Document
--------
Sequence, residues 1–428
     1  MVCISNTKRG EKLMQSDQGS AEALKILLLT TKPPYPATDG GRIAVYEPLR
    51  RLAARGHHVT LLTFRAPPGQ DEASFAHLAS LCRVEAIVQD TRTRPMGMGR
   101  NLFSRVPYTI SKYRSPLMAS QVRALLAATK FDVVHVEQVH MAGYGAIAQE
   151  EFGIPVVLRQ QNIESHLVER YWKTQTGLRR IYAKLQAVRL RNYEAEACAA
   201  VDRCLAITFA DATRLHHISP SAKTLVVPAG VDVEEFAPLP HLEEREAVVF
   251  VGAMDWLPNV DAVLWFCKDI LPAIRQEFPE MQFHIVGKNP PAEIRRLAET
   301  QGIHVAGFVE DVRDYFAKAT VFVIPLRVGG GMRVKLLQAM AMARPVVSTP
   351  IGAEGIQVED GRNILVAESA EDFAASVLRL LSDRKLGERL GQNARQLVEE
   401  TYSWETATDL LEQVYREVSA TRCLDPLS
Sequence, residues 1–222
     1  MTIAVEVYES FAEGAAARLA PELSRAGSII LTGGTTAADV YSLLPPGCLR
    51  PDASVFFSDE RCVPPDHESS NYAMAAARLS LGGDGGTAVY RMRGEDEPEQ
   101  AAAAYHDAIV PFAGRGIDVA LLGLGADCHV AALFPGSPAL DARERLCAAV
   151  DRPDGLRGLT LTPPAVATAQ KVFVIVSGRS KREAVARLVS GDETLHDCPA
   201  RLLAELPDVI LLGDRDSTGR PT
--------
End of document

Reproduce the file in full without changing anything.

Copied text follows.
Sequence, residues 1–428
     1  MVCISNTKRG EKLMQSDQGS AEALKILLLT TKPPYPATDG GRIAVYEPLR
    51  RLAARGHHVT LLTFRAPPGQ DEASFAHLAS LCRVEAIVQD TRTRPMGMGR
   101  NLFSRVPYTI SKYRSPLMAS QVRALLAATK FDVVHVEQVH MAGYGAIAQE
   151  EFGIPVVLRQ QNIESHLVER YWKTQTGLRR IYAKLQAVRL RNYEAEACAA
   201  VDRCLAITFA DATRLHHISP SAKTLVVPAG VDVEEFAPLP HLEEREAVVF
   251  VGAMDWLPNV DAVLWFCKDI LPAIRQEFPE MQFHIVGKNP PAEIRRLAET
   301  QGIHVAGFVE DVRDYFAKAT VFVIPLRVGG GMRVKLLQAM AMARPVVSTP
   351  IGAEGIQVED GRNILVAESA EDFAASVLRL LSDRKLGERL GQNARQLVEE
   401  TYSWETATDL LEQVYREVSA TRCLDPLS
Sequence, residues 1–222
     1  MTIAVEVYES FAEGAAARLA PELSRAGSII LTGGTTAADV YSLLPPGCLR
    51  PDASVFFSDE RCVPPDHESS NYAMAAARLS LGGDGGTAVY RMRGEDEPEQ
   101  AAAAYHDAIV PFAGRGIDVA LLGLGADCHV AALFPGSPAL DARERLCAAV
   151  DRPDGLRGLT LTPPAVATAQ KVFVIVSGRS KREAVARLVS GDETLHDCPA
   201  RLLAELPDVI LLGDRDSTGR PT